Now back to Jaguar’s movie….. I mean, story. Machiko is in the restaurant celebrating her birthday. Suddenly, there’s  a power outage. The lights come back on, and Machiko disappears…. UNDERTAKER STYLE! She was actually kidnapped by Tiger’s goons, where they proceed to torture  her for info about the missing statue. Jaguar winds up in a trap set up by Lily (that BITCH!) and he is caught by Tiger’s goons also. Lily is shown in the next scene being proposed by Victor, who promises that he will quit the goon lifestyle and start a family. We all know that’s an excuse for Victor to get some nookie, which he does get…. in another TV-PG sex scene, complete with unauthorized Pink Floyd music (don’t ask).

Through sheer luck, Jaguar manages to escape his captors, and returns to ass-kicking mode. The goons then tape Machiko’s torture and send the cassette to Harry via the toy robot. Harry and his wife sit down on the couch and watch the poorly-shot video. Harry calls Jaguar and tells him to KINDAP LILY in retaliation to Machiko’s torture. Harry’s wife is probably thinking: “This is what I get for leaving my ex for a fucking ninja!”.

Jaguar does as ordered. He finds Lily and tells her that he has to kidnap her in order to save Machiko. Lily willingly agrees to help Jaguar, and fuck up Victor in the process (that BITCH!). Jaguar calls Victor and tells him that he kidnapped Lily. Machiko is revealed to be tied up in Tiger’s place, with a timebomb strapped to her. Victor, who has the remote, meets Jaguar and gets his ass kicked. Jaguar takes the remote, drives back to Tiger’s place and saves Machiko. And this would be the last time we see Machiko for the rest of the film. What happened to her at that point? I don’t know, and I don’t fucking care!

Jaguar goes back and confronts Tiger, at last!! A lengthy fight scene occurs between the two, and Jaguar emerges as the winner. WOO-HOO! We now return to Harry, who confronts a red ninja who has the headpiece of the GOLDEN NINJA WARRIOR. A fight scene occurs between the two, and Harry emerges as the winner. WOO-HOO! The red ninja, who is amazingly still alive, admits defeat and claims that he can never return to the ninja empire. Harry takes all pieces of the GOLDEN NINJA WARRIOR and slowly walks away. Suddenly, the red ninja does a Naruto-style hand gesture and BLOWS UP! Seriously! He…fucking…..BLOWS…..UP! Look at the pic, goddammit!

Harry unwisely breaks the rule of “walking away from an explosion”. You’re not supposed to look back when the explosion takes place. But this is what Harry does, and then, after 82 minutes of waiting, we finally see the credit “THE END”.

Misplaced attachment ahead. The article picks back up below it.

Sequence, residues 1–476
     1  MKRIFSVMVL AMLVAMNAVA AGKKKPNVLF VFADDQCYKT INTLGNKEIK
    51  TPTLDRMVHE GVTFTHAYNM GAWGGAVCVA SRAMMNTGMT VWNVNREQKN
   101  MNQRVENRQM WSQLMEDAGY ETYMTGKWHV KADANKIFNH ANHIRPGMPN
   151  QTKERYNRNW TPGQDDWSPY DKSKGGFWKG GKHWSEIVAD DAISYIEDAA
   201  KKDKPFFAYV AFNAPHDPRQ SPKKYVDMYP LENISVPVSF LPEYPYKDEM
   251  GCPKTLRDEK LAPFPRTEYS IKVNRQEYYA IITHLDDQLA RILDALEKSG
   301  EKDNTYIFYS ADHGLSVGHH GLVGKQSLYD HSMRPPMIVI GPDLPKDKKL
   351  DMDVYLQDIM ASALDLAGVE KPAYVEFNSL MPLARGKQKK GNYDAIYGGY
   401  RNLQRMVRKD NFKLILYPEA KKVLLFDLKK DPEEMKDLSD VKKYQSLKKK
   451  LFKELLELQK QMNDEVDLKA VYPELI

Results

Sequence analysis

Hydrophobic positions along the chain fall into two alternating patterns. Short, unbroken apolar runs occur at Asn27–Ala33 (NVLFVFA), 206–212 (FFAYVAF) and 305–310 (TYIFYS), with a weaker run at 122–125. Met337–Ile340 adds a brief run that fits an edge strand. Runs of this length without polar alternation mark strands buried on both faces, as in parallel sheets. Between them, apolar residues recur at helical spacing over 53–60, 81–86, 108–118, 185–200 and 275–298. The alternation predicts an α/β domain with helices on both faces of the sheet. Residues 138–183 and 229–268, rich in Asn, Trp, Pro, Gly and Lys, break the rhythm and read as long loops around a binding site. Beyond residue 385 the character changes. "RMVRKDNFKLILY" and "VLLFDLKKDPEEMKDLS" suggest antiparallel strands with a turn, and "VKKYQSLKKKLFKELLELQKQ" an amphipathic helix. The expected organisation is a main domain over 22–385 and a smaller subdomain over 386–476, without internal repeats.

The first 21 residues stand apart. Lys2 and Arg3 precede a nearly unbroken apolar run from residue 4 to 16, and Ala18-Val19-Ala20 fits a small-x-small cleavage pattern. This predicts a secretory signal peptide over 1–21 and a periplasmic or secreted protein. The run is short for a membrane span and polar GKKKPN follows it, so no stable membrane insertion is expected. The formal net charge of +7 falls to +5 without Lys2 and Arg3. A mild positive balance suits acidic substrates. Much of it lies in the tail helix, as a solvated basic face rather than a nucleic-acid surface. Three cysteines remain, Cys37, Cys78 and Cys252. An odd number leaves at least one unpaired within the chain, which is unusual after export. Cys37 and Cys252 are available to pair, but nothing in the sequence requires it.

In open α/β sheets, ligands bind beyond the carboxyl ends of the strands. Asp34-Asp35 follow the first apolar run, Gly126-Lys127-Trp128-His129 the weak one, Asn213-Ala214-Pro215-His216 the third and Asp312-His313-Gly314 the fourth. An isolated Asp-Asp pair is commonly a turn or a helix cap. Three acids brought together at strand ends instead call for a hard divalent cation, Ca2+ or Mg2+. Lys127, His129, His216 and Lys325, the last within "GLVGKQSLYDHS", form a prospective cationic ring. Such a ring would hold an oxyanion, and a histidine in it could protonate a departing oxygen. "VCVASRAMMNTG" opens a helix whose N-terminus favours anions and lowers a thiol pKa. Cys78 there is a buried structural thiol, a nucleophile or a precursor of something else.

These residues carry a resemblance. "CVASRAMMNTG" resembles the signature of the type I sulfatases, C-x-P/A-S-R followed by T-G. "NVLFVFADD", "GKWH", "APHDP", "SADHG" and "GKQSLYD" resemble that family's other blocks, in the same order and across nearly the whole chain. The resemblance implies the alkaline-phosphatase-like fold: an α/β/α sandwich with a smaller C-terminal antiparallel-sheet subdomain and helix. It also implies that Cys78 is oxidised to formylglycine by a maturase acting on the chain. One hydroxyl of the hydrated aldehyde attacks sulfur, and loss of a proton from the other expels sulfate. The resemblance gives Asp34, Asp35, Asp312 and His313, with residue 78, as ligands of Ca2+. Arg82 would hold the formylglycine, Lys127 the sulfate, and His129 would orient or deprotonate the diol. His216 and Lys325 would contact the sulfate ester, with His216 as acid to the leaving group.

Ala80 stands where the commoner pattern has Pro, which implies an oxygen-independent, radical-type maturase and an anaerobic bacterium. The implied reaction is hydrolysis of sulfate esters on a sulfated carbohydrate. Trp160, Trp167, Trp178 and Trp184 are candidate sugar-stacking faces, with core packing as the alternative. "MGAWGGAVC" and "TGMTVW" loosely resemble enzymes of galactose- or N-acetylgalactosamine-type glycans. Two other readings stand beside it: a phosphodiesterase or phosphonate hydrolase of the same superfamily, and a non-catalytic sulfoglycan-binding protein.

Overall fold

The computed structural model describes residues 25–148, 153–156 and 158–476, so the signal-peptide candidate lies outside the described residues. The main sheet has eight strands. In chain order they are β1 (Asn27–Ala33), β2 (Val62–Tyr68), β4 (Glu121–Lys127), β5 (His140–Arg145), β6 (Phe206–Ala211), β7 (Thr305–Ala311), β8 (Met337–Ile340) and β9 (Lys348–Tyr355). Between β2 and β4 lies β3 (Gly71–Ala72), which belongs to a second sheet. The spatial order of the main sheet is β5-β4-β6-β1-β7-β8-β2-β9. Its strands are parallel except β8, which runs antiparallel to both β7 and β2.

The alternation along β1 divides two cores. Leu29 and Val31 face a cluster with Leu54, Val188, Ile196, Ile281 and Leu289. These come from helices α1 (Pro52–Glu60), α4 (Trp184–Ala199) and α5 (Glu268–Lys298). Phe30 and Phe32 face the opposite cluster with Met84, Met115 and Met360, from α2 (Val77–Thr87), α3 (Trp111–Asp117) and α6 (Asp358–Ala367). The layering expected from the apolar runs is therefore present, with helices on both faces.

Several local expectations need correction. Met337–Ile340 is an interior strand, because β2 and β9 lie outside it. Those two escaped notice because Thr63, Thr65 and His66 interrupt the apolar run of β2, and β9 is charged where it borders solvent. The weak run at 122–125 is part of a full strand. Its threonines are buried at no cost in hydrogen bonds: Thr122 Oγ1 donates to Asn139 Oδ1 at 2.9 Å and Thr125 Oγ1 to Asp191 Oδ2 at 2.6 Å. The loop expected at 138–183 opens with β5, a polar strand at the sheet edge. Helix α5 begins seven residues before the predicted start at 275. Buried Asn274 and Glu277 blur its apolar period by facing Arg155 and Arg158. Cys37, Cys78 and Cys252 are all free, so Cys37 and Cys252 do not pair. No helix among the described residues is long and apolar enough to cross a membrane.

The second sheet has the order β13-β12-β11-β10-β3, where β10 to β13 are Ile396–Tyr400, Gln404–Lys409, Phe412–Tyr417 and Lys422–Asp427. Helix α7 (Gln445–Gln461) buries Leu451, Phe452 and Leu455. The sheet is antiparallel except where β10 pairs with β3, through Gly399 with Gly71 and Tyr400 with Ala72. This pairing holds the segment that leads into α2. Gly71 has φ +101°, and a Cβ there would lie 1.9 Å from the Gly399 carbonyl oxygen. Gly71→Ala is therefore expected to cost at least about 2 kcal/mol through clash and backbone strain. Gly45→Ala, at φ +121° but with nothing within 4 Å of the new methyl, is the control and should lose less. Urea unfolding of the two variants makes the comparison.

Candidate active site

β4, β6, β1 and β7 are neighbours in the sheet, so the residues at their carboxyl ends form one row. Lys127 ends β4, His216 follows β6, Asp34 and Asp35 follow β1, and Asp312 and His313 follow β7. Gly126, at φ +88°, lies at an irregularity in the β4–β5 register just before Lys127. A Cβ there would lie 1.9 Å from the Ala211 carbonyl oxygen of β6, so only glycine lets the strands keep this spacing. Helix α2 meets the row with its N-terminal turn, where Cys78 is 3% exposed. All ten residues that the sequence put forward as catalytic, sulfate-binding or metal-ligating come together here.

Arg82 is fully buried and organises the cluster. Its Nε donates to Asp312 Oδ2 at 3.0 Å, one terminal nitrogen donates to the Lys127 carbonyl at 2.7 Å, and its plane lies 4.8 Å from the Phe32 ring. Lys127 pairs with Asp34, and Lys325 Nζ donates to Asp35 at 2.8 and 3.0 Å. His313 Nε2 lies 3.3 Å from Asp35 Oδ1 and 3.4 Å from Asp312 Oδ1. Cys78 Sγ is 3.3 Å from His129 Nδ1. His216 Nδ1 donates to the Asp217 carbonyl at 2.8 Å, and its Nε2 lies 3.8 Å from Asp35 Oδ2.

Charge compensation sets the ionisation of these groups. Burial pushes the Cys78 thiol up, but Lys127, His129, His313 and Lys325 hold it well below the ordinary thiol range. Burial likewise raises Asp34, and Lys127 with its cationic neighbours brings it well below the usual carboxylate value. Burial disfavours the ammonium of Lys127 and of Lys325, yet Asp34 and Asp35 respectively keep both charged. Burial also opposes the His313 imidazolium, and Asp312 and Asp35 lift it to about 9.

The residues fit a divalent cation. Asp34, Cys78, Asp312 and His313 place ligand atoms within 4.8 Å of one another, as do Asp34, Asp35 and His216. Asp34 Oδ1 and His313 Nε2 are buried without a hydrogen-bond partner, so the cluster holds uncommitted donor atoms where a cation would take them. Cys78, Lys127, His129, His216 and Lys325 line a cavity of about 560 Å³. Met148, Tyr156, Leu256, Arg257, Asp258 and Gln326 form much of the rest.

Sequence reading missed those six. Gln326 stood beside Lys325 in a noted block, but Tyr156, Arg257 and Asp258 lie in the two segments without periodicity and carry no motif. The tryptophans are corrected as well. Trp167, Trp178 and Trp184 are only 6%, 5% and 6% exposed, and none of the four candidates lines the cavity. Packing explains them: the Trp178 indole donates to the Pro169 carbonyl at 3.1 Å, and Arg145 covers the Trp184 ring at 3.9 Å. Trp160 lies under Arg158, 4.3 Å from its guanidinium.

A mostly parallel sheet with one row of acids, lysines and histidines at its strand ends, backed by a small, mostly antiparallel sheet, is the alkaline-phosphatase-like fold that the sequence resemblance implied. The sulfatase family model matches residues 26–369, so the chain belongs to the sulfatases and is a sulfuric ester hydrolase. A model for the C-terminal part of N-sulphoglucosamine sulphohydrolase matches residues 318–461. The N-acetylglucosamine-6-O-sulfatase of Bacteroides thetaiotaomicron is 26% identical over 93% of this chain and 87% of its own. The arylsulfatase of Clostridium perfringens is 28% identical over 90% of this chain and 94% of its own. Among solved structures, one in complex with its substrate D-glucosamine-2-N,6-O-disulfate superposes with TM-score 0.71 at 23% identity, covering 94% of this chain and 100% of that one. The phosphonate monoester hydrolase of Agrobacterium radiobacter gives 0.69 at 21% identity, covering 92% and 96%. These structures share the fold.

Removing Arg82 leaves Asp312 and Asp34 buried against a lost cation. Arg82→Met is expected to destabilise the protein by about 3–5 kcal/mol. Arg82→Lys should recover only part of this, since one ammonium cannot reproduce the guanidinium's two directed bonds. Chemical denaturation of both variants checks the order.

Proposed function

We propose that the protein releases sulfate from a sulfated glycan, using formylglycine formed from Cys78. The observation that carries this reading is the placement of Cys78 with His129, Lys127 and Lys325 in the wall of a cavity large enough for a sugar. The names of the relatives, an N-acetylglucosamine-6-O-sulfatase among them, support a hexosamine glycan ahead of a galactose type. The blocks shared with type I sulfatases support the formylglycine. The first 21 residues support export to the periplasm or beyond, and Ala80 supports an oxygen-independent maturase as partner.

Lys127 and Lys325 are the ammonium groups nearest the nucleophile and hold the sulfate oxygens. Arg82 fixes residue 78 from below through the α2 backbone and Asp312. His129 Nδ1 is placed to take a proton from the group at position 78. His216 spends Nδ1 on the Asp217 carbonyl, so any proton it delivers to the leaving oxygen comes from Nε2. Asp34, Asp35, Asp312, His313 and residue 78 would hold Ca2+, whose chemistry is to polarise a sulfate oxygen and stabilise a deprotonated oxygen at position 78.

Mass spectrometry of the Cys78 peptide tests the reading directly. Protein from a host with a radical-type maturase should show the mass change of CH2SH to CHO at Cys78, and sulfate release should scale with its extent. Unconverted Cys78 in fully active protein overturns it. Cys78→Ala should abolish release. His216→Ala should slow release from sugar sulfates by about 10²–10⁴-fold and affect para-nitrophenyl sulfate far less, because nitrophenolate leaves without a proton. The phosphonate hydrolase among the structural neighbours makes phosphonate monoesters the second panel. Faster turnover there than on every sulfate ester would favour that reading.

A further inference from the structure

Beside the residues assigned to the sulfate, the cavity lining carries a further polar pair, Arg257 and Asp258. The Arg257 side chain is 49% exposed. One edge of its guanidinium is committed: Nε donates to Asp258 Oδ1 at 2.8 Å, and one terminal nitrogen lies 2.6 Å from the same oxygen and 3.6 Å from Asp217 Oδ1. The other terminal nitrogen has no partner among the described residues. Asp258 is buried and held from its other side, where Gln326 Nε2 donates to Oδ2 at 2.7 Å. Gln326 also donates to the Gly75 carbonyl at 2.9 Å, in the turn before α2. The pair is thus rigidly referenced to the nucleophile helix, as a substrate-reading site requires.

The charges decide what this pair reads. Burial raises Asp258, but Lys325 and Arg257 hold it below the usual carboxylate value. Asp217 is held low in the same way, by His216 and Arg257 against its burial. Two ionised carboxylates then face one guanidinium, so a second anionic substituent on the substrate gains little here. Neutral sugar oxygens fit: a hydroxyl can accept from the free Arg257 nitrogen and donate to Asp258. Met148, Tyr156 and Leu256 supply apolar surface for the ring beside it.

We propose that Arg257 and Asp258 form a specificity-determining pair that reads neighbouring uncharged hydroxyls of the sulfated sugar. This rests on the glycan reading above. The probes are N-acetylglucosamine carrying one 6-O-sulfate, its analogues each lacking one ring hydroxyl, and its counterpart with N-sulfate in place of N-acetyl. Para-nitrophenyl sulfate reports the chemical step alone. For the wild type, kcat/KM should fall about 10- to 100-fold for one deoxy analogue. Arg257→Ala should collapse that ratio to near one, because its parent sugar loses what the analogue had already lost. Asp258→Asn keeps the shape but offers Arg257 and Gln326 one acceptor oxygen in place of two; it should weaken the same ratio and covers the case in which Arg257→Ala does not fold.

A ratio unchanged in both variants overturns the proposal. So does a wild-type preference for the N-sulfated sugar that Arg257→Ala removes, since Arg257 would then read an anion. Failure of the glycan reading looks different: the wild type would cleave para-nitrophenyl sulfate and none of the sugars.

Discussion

LAST WORDS: There are movies that are so bad, they’re good and then there are movies that are so bad, they’re bad. And then there’s “Ninja Terminator”. This shit defies gravity, logic and common sense.  It’s also really fucking hilarious, depending on your sense of humour. Apart from the okayish fight scenes, everything else in this film falls flat. The story, or should I say stories of Harry and Jaguar, are poorly written and ACTED. The dialogue is laughable and the dubbing is generic and pathetic. Questions are still left unanswered in the film: for example, what happened to the Supreme “A-HAHAHAHAHAHA” Ninja? Whatever happened to Machiko? And where can I get one of those Garfield telephones? I may never know. “Ninja Terminator” has to be seen to be believed. Fortunately, this masterpiece is still on YouTube, so if you’re still curious, I suggest you watch this shit! However, I suggest that you have a bottle of alcohol nearby while watching this film. You’ll either get drunk enough to watch the entire film, or knock yourself out with the bottle instead of watching the rest of it. I could have talked about other films that’ll be talked about for the next few weeks like “The Descendants”, “The Artist” or “Hugo”. But I just HAD to talk about this shit. Besides, how are we to know what makes a good film if we don’t know what makes a bad film? Think about it.

By the way, here’s the trailer for “Ninja Terminator”. If this doesn’t motivate you to watch this timeless classic, I don’t know what will  😀

– Matthew

Worth a look – War Horse (2011)

Call it the last year on the Mayan calendar or a damn entertaining disaster film that came out 3 years ago, but 2012 is here, and has already started. I had a lot to reflect on from last year. I was even wondering  if I really was THAT harsh at “The Smurfs”, which I put at No. 10 of my Worst Films list of 2011. I mean, I only watched 15 minutes of the damn show…. but it was TERRIBLE!  I could have put something else – like the ‘horror’/action film “Priest”, but then again, I wanted to put a movie that people would have actually SEEN (audience goes “ooooooooooooo”)

Anyhoo, a new year has started and you know what that means: the Golden Globe Awards ceremony is nearby! And that is just the precursor to the MOTHER of all movie award ceremonies….. THE MTV MOVIE AWARDS! 😀   But seriously, what I’m talking about is the 84th Academy Awards. It’s a question as to which film will win the top prize (Best Motion Picture – Drama, Best Picture) for the Golden Globes and the Academy Awards respectively. But I can safely say this film that I’m about to review has a HUGE chance of snagging…..I mean, winning….something in at least one of these award ceremonies.